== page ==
IV. DEFENDANTS' GROUNDS FOR REMOVAL

Defendants concede that all causes of action alleged by the Plaintiffs in their Complaint are based on state law. [Notice of Removal, p. 3.] Nonetheless, they assert that removal under federal question jurisdiction pursuant to 28 U.S.C. § 1331 is proper because they claim that all of Plaintiffs' claims relate to rates, routes or services of an air carrier, and therefore, are preempted under Section 105(a)(1) of the Federal Aviation Act, 49 App.U.S.C. § 1305(a)(1).

V. DISCUSSION

The ultimate issue which the Court must decide is whether Plaintiffs' state law claims were properly removed to federal court. Although the parties have largely treated this issue as one requiring only a determination of whether Plaintiffs' claims are "preempted" under the Federal Aviation Act, determination of the propriety of removal actually requires more. In addition to determining whether the federal act preempts the specific state law claims, the Court must also decide whether the FAA is the type of federal act calling for application of the " complete preemption" doctrine.

A. THE COMPLETE PREEMPTION DOCTRINE

A defendant may remove an action to federal court only if that court has original subject matter jurisdiction over the action. If a court lacks diversity jurisdiction over an action, as in the instant case, it must have federal question jurisdiction over the action in order to have subject matter jurisdiction. A court has federal question jurisdiction over an action when that action "arises under" the Constitution or law of the United States.

28 U.S.C. § 1441(a) states, in relevant part:

Except as otherwise expressly provided by Act of Congress, any civil action brought in a State court of which the district courts of the United States have original jurisdiction, may be removed by the defendant or the defendants, to the district court of the United States for the district and division embracing the place where such action is pending.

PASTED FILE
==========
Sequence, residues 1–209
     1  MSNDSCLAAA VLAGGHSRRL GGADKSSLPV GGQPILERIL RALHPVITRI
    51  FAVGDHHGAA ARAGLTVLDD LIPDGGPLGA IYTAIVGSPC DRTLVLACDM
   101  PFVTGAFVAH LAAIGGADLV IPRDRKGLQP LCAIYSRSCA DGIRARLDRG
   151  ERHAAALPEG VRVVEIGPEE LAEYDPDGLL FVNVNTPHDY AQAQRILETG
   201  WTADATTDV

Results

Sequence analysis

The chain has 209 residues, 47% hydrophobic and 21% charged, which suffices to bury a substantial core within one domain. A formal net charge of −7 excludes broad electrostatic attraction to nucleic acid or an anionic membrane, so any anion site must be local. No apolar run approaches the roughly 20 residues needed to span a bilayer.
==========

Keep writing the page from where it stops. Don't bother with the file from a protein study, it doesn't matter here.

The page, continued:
28 U.S.C. § 1331 reads:

The district courts shall have original jurisdiction of all civil actions arising under the Constitution, laws, or treaties of the United States.

To determine whether a claim arises under federal law, a court, under the "well-pleaded complaint" rule, generally looks only to the plaintiff's complaint. Gully v. First National Bank, 299 U.S. 109, 57 S.Ct. 96, 81 L.Ed. 70 (1936); Louisville N.R. Co. v. Mottley, 211 U.S. 149, 29 S.Ct. 42, 53 L.Ed. 126 (1908). If the complaint relies only on state law, the district court generally lacks subject matter jurisdiction and the action is not removable. That a defendant raises a federal defense to a state law claim, including a preemption defense, is immaterial for jurisdictional purposes. As the Court explained in Caterpillar, Inc. v. Williams, 482 U.S. 386, 107 S.Ct. 2425, 96 L.Ed.2d 318 (1987):

[I]t is now well settled law that a case may not be removed to federal court on the basis of a federal defense, including the defense of pre-emption, even if the defense is anticipated in the plaintiff's complaint, and even if both parties concede that the federal defense is the only question truly at issue.
482 U.S. at 393, 107 S.Ct. at 2430 (citation omitted).

However, the Supreme Court has developed an exception to the well-pleaded complaint rule. If Congress intends that a federal statute "completely preempt" an area of state law, any complaint alleging claims under that area of state law is presumed to allege a claim arising under federal law. See Metropolitan Life Ins. Co. v. Taylor, 481 U.S. 58, 63-64, 107 S.Ct. 1542, 1546-1547, 95 L.Ed.2d 55 (1987). The complaint may thus be removed to federal court and will be treated as alleging a federal cause of action, notwithstanding that on its face, the plaintiff's complaint alleges only a state-law cause of action.

1. The Birth of the "Complete Preemption" Doctrine

The "complete preemption" doctrine developed out of the Supreme Court's 1968 decision in Avco Corp. v. Aero Lodge No. 735, 390 U.S. 557, 88 S.Ct. 1235, 20 L.Ed.2d 126 (1968). In Avco, the plaintiff filed a suit in Tennessee state court to enjoin its union employees from striking at its plant. The heart of the complaint was a "no-strike" clause in the collective bargaining agreement, pursuant to which "grievances" between Avco and its union employees were to be settled amicably or by binding arbitration. The union removed the case to federal court, citing § 301 of the Labor Management Relations Act (the "LMRA") as the basis of federal court jurisdiction. Avco subsequently moved to remand the case to state court. The District Court denied the remand motion, and the Sixth Circuit Court of Appeals affirmed.